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  • Michael Minch

Good News from Mark

If you’ve ever seen the logo of the National Council of Churches or the World Council of Churches, you seen a boat on rocky waves, the boat’s mast is also a cross. The boat that is safe harbor (so to speak) even in midst of a threatening storm is an image that has long inspired and comforted Christians. That image comes from the story of Jesus’ calming of the storm in Mark 4.35-41. Jesus didn’t just calm the storm—he shouted it down—“Knock it off!” is the sense the Greek gives us (he “muzzled” the storm in the Greek). Jesus has, at this point in Mark’s Gospel, used teaching, preaching, healing, and exorcism to confront the religious authorities of his day. He has engaged in a kind of combat mythology in which he has claimed and demonstrated power (authority) that is posed against the power and authority of the scribes and Pharisees.


But when he crosses the Sea of Galilee (Mark 5.1-20) he moves that discourse of confrontational power to a new location, which is in part, a new world. There, he enters a Gentile-inflected territory, filled with swine, for example (swine being, for Jews, the symbol of paganism par excellence). The Roman Empire has colonized this region, and the pork agribusiness is used to feed the Roman army’s garrisons. Jesus is met by a demon-possessed man who has been so out of control, beyond the management of others, that chains were said to be insufficient. The man is not simply possessed by a demon, but by a “Legion” of them, indeed he identifies himself as “Legion”—the Roman army’s division of 6000 foot soldiers. Jesus does not condemn the demon-possessed, but rather he sends the demons into swine, as they requested, and 2000 of them rush into the sea to their destruction. Jesus is, of course, attacking the economic-political structure of Roman imperialism. But that is not all.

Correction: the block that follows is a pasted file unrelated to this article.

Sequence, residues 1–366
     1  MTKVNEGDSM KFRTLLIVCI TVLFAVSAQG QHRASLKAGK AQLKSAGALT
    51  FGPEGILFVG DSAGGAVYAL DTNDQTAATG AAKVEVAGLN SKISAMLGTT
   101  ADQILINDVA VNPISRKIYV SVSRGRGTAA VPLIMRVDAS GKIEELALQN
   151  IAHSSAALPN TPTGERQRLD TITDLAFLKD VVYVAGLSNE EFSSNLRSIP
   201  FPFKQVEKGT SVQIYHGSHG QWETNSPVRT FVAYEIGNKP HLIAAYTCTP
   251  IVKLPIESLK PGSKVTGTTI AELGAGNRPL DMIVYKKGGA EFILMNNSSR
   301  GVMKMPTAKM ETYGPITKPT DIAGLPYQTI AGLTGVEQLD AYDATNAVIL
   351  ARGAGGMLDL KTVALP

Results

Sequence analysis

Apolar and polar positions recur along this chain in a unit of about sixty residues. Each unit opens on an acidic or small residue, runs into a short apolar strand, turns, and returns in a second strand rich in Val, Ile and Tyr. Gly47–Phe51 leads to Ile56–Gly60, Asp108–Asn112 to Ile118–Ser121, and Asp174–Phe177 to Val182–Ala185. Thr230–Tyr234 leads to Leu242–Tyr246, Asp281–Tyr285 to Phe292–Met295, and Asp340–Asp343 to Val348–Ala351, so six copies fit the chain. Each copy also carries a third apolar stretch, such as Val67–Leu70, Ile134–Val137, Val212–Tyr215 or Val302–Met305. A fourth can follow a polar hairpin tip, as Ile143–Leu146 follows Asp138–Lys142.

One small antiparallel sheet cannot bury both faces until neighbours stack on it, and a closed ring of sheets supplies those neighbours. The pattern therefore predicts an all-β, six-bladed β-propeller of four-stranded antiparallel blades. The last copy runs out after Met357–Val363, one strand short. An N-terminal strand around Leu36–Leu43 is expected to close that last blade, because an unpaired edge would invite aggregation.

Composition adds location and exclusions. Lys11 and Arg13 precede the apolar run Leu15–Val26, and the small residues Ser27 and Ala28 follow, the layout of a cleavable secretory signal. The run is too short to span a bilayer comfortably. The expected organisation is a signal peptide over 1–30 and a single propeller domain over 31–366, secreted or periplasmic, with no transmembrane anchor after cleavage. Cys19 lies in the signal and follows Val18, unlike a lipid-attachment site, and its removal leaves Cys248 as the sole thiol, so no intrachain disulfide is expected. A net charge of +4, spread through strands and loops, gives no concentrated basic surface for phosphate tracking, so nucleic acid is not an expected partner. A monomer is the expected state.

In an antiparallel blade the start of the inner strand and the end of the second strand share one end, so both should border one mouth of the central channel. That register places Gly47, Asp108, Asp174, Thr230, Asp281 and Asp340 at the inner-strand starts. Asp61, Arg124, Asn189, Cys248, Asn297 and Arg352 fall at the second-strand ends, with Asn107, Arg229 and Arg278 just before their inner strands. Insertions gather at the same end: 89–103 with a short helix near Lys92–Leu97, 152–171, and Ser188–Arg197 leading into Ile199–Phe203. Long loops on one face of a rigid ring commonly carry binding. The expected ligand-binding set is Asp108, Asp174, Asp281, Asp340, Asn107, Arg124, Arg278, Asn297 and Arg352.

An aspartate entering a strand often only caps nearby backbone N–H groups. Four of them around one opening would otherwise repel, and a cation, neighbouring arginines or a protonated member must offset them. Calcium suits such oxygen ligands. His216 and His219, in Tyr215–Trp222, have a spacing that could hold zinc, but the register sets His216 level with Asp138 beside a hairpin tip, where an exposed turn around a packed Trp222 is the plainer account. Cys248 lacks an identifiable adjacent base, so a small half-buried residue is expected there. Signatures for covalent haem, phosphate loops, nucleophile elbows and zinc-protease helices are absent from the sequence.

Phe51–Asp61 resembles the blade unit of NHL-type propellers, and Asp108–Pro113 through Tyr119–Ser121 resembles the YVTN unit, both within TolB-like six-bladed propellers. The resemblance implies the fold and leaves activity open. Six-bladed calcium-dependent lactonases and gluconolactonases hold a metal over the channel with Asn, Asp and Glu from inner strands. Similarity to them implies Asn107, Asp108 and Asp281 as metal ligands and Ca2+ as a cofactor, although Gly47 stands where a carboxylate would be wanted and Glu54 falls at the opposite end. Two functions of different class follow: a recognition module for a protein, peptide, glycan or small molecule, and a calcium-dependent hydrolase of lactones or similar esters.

Jesus is moving from a campaign of repudiation to a program of reconstruction. It is powerful and necessary to diagnose problematics and reveal our sinful practices and structures. But it is not enough. We also need a constructive program of healing, wholeness, peace, justice, and love. Gandhi called in Satyagraha. Martin Luther King, Jr., used the thematic of the “Beloved Community.” Jesus referred to his program of rebirth and reconstruction as the “kingdom (rule, reign) of God.” This new community and social order manifest as embodying God’s power, exists in confrontation with religious power and political power—as the west side and the east side of the Sea of Galilee symbolizes.


The demon-possessed man is a shocking incarnation of pathology. But what we sometimes see, yet most often do not see, is that pathological communities, traditions, societies, cultures, economics, and politics create pathological persons. This was true in Jesus’ day, on both sides of the Sea of Galilee, and it is true in our day, and in our society. Jesus was not then in support of economic forms that made the rich richer and the poor poorer, and he was not then in support of political forms that colonized and dominated others. And guess what? He is not in favor of them now either, even if we are so very comfortable with such forms ourselves.


When Jesus transitions his mission from one community to another, crossing the Sea of Galilee to do so, demonstrating his power over nature sends a signal: I am more powerful than anything which gives you fear and threatens your life. The Sea of Galilee is a surface of transition and of triumph. Those living on the east side of the water, seeing the destruction of 2000 pigs and the threat to the economic and political structure of the region, ask Jesus to leave. William Placher writes, “We modern readers are fooling ourselves if we think that we, by contrast, would have liked having Jesus around. We do not understand Mark’s picture of him unless we recognize that he is terrifying.


Thanks for reading,


Michael


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